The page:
I am not in any way buying into the meme that abortion should be illegal because it ruins women's mental health.  I think in many cases, there are emotional effects.  Again, we should not ban all things that have negative emotional effects.  That is what the idea of freedom of choice, in the abortion arena or elsewhere, is about.  And obviously, in some situations, there isn't a negative emotional effect.

          I still hold to my position:  safe, legal, and rare.

          That's Speaker Pelosi and Majority Leader Reid to you, Mr. Bush.

          by DC Pol Sci on Mon Jan 22, 2007 at 09:36:49 AM PST

          [ Parent ]

          •  Then, please, call abortion a tragedy only (0+ / 0-)

            in the privacy of your own mind, not out in public. Stick to "safe, legal, and rare' if you're out where other people can find it and quote you. You know, in a way, we are all ambassadors of Kos - just posting here, we're creating the possibility that somewhere, sometime, a crazed conservative may write "And even over on dkos, that hotbed of liberal insanity, some of them admit that ...".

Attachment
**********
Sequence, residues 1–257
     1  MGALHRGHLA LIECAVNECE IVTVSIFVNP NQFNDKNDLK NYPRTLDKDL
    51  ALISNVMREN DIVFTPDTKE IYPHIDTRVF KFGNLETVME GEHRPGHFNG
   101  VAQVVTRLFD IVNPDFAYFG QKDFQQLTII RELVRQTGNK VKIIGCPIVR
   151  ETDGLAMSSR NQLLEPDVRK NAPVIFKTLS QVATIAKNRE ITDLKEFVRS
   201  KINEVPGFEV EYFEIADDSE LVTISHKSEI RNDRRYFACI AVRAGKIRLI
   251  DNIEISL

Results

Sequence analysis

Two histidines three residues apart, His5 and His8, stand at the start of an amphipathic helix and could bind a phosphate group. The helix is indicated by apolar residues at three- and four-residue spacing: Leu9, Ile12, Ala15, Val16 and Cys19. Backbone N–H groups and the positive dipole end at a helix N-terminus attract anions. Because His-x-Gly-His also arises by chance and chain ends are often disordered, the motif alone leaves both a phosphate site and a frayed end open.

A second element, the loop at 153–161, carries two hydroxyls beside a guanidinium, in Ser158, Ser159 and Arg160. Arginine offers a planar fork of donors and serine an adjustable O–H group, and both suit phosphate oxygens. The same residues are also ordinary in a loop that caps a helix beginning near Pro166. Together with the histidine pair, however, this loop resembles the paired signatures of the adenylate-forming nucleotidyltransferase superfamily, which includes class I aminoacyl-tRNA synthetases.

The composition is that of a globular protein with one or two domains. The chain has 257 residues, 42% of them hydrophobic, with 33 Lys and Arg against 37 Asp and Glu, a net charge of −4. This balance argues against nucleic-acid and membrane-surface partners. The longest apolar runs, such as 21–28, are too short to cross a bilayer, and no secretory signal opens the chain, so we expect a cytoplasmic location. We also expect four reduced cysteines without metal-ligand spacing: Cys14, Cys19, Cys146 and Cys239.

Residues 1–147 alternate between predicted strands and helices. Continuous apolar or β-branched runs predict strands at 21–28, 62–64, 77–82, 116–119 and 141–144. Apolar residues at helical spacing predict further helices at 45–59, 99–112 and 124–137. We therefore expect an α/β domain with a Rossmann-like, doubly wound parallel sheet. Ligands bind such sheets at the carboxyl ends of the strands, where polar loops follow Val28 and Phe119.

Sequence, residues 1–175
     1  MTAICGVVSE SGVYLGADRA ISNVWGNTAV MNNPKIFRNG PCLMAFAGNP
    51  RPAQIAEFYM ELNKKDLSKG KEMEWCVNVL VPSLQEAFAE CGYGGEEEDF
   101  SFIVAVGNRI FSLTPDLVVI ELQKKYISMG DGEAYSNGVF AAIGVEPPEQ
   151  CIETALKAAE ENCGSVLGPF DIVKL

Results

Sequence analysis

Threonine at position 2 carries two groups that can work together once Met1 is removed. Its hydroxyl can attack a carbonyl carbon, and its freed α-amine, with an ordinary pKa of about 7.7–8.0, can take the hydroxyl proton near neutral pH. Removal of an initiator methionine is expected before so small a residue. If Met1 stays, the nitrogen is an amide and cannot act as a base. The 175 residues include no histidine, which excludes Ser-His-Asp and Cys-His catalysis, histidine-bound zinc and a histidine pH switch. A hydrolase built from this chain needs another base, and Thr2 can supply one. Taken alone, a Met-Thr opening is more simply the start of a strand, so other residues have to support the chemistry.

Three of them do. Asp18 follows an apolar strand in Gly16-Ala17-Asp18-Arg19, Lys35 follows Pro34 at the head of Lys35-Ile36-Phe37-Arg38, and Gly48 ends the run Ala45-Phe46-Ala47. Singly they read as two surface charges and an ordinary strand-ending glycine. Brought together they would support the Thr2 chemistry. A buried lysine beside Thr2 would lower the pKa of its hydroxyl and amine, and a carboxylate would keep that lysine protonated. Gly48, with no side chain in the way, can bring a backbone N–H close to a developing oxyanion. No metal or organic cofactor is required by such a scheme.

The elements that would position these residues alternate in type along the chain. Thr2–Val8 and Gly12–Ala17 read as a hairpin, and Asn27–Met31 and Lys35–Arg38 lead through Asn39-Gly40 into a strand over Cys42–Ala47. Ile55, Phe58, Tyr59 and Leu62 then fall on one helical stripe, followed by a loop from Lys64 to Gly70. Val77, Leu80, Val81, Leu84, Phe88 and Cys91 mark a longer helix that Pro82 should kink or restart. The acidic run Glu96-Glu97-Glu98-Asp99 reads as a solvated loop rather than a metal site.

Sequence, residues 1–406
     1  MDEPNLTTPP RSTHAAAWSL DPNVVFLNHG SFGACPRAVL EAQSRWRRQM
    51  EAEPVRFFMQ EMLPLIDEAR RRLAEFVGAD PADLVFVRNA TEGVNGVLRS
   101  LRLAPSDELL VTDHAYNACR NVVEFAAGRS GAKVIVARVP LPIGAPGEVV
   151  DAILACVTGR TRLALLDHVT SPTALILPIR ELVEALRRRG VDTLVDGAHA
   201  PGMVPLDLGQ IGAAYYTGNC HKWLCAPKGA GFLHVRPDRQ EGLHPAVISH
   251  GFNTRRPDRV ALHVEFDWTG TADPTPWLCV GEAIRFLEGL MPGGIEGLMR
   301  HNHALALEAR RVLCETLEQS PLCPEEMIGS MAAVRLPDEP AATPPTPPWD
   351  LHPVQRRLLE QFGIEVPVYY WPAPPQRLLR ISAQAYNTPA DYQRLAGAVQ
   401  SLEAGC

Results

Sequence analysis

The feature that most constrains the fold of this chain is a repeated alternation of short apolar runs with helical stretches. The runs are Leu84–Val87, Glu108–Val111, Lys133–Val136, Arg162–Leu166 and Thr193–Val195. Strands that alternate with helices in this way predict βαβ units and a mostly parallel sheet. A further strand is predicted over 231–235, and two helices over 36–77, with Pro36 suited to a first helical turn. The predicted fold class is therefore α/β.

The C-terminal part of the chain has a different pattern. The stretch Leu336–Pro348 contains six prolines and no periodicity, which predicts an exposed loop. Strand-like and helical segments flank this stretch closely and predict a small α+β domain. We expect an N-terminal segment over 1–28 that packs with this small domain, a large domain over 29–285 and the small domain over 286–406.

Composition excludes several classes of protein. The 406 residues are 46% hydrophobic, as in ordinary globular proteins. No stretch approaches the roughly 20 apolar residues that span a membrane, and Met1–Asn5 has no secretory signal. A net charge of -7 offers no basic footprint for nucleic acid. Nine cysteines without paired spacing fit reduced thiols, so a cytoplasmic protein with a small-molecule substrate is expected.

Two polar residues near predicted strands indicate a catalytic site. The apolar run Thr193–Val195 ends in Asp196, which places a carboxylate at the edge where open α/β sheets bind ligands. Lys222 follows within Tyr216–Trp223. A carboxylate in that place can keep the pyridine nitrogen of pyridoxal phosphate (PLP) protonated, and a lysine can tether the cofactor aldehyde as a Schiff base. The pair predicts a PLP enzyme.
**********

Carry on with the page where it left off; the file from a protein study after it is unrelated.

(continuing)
Oh - and btw - I had an abortion in my first semester of law school, right after final exams. No regrets at all. It was physically painful, though ... might encourage others to be a little more careful about their birth control if thy're all like that.

            •  You see... (0+ / 0-)

              I'm one of those who thinks that diversity of opinion actually differentiates us from the folks on the other side and makes us stronger.

              I am not saying abortion should be banned because it traumatizes women.  Even if it does traumatize a woman, that's a choice she makes.  People choose to join the Army and go to Iraq.  That's sure as hell traumatic.  We don't ban the Army.

              I agree completely with the thesis of this thread and with the vast majority of posters.  Abortion should be legal; restrictions should be minimal and designed to regulate things like clinic hygiene.  I don't support any of the restrictions that states have put into place.  I think minors should be able to get abortions without parental consent or notification.

              My only point is that this issue is a complex one.  It's not as simple as "we're right; they're wrong; that settles it."

              For me, however, despite all of that complexity, the argument that carries the day is that you can't end abortion; you can only make it unsafe by criminalizing it.  Thus, even if you think abortion is murder, you are not ending it by criminalizing it; you are simply pushing it into back alleys where the woman's life is in jeopardy.